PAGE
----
The end of the year is a time of reflection. It’s when you look back on the past year and contemplate accomplishments, as well as your missteps. Ideally, you’ve learned lessons from both.
Whether you go through the physical act of writing down New Year’s resolutions or not, consider what could be done differently and what changes you can make over the next year to change some of the outcomes you weren’t satisfied with. Changes can be how you handle family relationships, how you approach romantic goals, or how you focus on the accomplishments you’d like to make at work.
All this introspection makes it the perfect time to do a financial checkup to determine areas where you’re doing well, as well as where it’s time to implement changes.
Where to Begin
The best place to start is with the end. In this case, it’s where you wanted to end up, meaning your financial goals. Perhaps a goal was to pay off a credit card with a $12,000 balance. Did you do it? If not, how far did you get? Your goals could also be long-term ones such as saving for a house or stashing money away for your retirement. How much closer did you get to achieving these goals?
If you failed to meet your goals, determine why you failed. Did you overestimate your resources? If this is the case, you may want to consider adjusting your goals so they’re more achievable. However, if you didn’t meet them because you just couldn’t give up that expensive bad habit, or you continued to spend money frivolously, then adjustments need to be made.
Of course, you may have faced a difficult situation over the past year that hindered your ability to meet your goals. Perhaps you got married or had a baby. Starting a new job or losing one, going through a divorce, or moving: these can all have a big effect on your financial situation and your ability to stick to your budget. Additionally, if you anticipate any of these big life events over the next year, you should include them in your financial plan and try to prepare for them as best as you can.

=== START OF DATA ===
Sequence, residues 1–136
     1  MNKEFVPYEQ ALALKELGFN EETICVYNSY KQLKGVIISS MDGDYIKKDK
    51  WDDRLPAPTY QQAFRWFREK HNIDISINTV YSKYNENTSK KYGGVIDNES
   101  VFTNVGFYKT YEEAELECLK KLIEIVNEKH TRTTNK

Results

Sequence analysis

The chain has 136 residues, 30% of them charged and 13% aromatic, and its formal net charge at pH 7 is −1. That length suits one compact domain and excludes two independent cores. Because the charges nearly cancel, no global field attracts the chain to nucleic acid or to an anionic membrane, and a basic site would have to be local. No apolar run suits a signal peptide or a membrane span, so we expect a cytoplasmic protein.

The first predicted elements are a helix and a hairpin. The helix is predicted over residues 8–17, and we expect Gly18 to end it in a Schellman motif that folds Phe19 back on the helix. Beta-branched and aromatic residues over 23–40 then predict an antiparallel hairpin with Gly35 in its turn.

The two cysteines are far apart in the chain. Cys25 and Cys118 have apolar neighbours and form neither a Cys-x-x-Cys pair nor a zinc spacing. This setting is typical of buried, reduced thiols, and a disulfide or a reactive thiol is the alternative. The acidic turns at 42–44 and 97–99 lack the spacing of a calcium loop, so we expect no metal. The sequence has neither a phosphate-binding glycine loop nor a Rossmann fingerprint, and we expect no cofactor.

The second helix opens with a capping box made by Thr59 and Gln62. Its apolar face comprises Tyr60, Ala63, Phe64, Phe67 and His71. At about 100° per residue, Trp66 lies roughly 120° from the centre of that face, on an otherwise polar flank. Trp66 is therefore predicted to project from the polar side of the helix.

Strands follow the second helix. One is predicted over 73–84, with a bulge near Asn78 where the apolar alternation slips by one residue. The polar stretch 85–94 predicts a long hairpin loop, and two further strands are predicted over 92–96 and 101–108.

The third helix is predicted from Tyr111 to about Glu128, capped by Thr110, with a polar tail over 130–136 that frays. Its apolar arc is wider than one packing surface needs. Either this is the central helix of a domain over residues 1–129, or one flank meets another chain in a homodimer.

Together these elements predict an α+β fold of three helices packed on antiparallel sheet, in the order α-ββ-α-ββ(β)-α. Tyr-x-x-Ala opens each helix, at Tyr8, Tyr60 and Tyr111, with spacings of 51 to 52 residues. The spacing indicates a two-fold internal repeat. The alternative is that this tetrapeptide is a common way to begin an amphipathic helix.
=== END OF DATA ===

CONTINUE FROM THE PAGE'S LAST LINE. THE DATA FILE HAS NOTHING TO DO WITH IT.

Once you understand how you did in meeting your goals and how you can correct any shortcomings that you may have had, go on to the following checklist. It’ll help you get a clearer picture of your current financial health.
- Re-evaluate your budget: Identify areas that need improvement, and make necessary adjustments.
- Look at your emergency fund: If you have six months’ of expenses saved, fantastic! If not, you should be putting away a little each month until you have enough money saved to cover emergency expenses due to an illness, unexpected job loss, or other unforeseen event.
- If you’re not maxing out your 401(k) contributions, you should start, if you can afford it: If you can’t, try to put in the maximum amount that your employer will match.
- If you have a flex spending account for healthcare, check the balance: You reserved this money for healthcare expenses, but if you haven’t used it by the expiration date, you lose it. You don’t have to spend it at the doctor. You can buy new glasses, visit a chiropractor, or have non-cosmetic dental work done.
- Assess your stocks: Consider under-performing stocks and determine if it’s time to shift to riskier or safer investments.
- Meet with your financial planner or accountant if you have one: Tax time is just around the corner. Your advisor may be able to save you some money on your current taxes.
- Evaluate your surplus: If you’ve been sticking to your budget, you should be left with a surplus of money, which should be used for debt payments, savings, and creating an emergency fund.
- Tally your debt: The hope is that, over the last year, you were able to pay down a significant portion of your debt. Unfortunately, you may have added debt instead. Obtaining copies of your credit reports from all three credit-reporting agencies can help you understand the scope of your debt. Make sure you know exactly how much debt and how much credit you have.
- Call your credit card companies about a better rate: If you’ve been paying down your balance faithfully (and on time), you’ve probably improved your credit score and may qualify for a reduction in your interest rate.
- Review your insurance policies: Review when your policies last updated. You may need more or less coverage that you currently have, or you may qualify for discounts that you didn’t know were available. If you made any expensive purchases over the last year, you should call your insurance company and find out if they should be documented in your policy.
Put Your Best Financial Foot Forward
After the holidays, as you’re recovering from your food coma and digging yourself out from under a mountain of wrapping paper, going over your finances is the last thing you want to do. However, just as your physical health requires attention and diligence, so does your financial health. When you’re on top of it, things are less likely to fall through the cracks. Your income, debt, investments, retirement, savings, insurance, expenses, and spending are all part of the multi-faceted entity that makes up your financial life. By periodically giving it a thorough examination, you’ll regularly get a clean bill of health.